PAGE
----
his race. In recognition of this fact, all the
branches of the family of Macdonald followed the
banner of the Lords of Innsegall through fortune
and misfortune down to 1493, when the feudal
honour was for ever withdrawn. Even after the
Lordship of the Isles as a feudal honour had passed
away, the clan followed the lead of Donald Dubh,


the representative of the old family, and acknow-
ledged him as their chief The abortive and short-
lived effort on the part of the clan to put James
Macdonald of Dunnyveg into the place left vacant
by Donald Dubh's demise was made in consequence
of the fact that the only descendant of Donald of
Harlaw qualified by birth to possess the vacant
dignity, namely, the Chief of Sleat, was at this
time a -child, a fact which at such a crisis in the
history of the family was sufficient to invalidate his

On the death of Donald Dubh the direct line of
chiefs from John, Earl of Ross, came to an end.
But besides John, Alexander, Earl of Ross, left other
two sons, Celestine and Hugh, either of whom was
quahfied by birth and position to perpetuate the
chiefshijD of the clan. Were the chiefship a feudal
honour, it is questionable whether these two sons
of Alexander could have inherited or transmitted
that distinction, seeing that both appear to have
been the issue of those " handfast " unions, corres-
ponding to what is known in modern times as
Scotch marriages. These marriages were not
solemnised by the Church, and, therefore, in the eye
of the feudal law, their offs^^ring was not strictly
legitimate. We have shown, however, in our first
volume (page 432, et seq.) that these unions were
recognised in Celtic law and their offspring was
regarded as legitimate by the canon law of the
Church. It is noteworthy that in the various
charters and confirmations in favour of Celestine
and Hugh, the term hastardus, which is always
employed when thorough illegitimacy is meant to be
conveyed, is never used. In the charter of con-
firmation granted by James IV. to Hugh of Sleat m


1495, he is refeiTed to as a brother simply of John,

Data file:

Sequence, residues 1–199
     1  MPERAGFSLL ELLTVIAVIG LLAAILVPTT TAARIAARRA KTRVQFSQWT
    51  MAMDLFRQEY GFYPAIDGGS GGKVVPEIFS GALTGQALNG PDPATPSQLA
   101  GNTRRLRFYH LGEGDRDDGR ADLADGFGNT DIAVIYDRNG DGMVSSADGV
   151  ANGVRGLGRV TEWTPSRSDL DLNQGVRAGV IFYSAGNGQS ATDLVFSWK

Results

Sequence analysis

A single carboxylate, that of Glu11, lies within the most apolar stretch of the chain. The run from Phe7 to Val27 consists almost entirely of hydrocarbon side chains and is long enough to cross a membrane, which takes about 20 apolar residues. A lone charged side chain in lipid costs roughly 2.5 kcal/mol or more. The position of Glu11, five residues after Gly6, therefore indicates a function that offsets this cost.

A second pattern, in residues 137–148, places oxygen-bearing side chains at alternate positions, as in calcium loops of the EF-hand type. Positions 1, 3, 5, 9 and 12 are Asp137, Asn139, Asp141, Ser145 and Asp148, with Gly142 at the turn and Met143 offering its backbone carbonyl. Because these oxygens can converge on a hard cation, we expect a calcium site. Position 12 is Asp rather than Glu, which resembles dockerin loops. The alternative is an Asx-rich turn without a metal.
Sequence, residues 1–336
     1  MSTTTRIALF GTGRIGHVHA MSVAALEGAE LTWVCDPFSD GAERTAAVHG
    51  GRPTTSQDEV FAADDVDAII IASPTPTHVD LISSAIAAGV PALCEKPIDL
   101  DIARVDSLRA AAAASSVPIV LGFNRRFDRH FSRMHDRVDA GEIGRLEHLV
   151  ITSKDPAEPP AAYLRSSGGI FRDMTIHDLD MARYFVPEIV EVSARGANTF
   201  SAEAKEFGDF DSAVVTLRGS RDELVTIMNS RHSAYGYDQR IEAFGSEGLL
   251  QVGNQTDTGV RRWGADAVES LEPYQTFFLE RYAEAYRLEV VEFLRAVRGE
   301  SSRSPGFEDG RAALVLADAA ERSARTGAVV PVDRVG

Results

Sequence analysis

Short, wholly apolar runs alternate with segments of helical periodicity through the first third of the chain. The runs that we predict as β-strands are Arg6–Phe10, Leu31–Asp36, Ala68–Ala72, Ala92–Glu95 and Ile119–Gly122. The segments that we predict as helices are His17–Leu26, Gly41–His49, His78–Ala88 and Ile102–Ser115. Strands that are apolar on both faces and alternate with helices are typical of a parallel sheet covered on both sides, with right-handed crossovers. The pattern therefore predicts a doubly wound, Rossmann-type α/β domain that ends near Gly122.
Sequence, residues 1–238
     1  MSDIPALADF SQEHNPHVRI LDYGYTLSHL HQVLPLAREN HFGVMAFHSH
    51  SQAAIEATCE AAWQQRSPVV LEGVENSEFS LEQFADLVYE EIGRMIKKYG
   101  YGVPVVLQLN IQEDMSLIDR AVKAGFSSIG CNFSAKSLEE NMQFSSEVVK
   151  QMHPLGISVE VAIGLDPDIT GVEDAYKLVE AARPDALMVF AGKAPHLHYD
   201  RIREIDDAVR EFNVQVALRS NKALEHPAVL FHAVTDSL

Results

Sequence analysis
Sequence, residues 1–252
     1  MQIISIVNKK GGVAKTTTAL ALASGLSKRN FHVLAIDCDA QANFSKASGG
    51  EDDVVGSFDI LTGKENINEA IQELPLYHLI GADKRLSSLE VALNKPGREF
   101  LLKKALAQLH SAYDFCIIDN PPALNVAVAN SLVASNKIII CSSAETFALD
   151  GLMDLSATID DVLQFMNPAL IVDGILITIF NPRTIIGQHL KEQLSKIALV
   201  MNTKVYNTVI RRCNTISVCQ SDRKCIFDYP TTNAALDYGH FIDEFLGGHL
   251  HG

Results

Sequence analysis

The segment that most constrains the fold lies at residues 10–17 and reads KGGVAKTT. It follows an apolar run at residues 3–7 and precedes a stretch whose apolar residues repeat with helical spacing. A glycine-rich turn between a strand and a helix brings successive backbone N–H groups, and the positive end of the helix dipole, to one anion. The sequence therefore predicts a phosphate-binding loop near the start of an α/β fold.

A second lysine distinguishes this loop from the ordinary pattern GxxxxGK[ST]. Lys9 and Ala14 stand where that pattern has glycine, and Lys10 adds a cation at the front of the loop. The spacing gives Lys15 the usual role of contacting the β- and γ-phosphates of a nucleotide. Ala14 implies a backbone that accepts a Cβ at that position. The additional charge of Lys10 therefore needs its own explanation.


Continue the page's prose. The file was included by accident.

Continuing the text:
Lord of the Isles, without the qualification of either
cmiialis or hastardiis. Nor was it deemed necessary,
as in the case of others, that Hugh should obtain a
charter of legitimation before receiving feudal investi-
ture. In any case, the feudal irregularity of the
birth of Celestine and Hugh was no barrier against
the inheritance or transmission by either of them of
the chiefship of the Clan Donald. In the line of
Celestine of Lochalsh, who to all appearance was the
older son, we should have looked for the chiefship
after the death of Donald Dubh, but Donald Gallda,
the grandson of Celestine, died in 1519, when the
male representation of the family came to an end.
Both Alexander of Lochalsh, and his son, Donald
Gallda, however, aspired to the succession to the
Lordship of the Isles, and the chiefship of the Clan
Donald. Before proceeding to consider the claim of
the family of Sleat to the chiefship of the clan,
the opportunity seems favourable for indicating our
opinion, and it is quite unnecessary to be otherwise
than brief, about the Earldom of Boss. It has been
contended that this Earldom, destined to heirs
general, devolved upon the family of Glengarry by
the marriage of Margaret, eldest daughter of Alex-
ander of Lochalsh, to Alexander, the sixth of
Glengarry. Had the Earldom of Boss been a Celtic
honour, this contention might be successfully vindi-
cated. It must be obvious, however, that in this
case we have to deal, not with a Celtic but with a
feudal dignity, and while we contend, and rightly,
we believe, for the legitimacy of Celestine and Hugh
for the transmission of the Celtic honours of the
clan, neither of them was qualified without a charter
of legitimation from the Crown to hand down the



Earldom of Ross. If this view is correct, it follows
that the rej)resentation of the Earldom of Ross
passed out of the family of the Isles with the for-
feiture of John, Earl of Ross, in 1476.

From the death of Donald Dubh downwards, there
is no doubt whatever as to the family which the
general concensus of the clan regarded as containing
the chiefship of the race of Donald. The family of
Sleat alone stood in the direct line of succession to
the old family of the Isles, and beside theirs there is
no other claim that can for a moment be enter-
tained. Though John, the second of Sleat, regard-
less of the honour of his house, attempted to put the
patrimony of the family past his brother, Donald
Gallach, that does not affect the patriarchal position
of Donald in the very least. The Clan Uisdein
accepted Donald as their chief, and defended him in
the possession of the family inheritance. Without
their consent it was not possible for him to hold the

Online LibraryAngus MacdonaldThe clan Donald (Volume 3) → online text (page 13 of 48)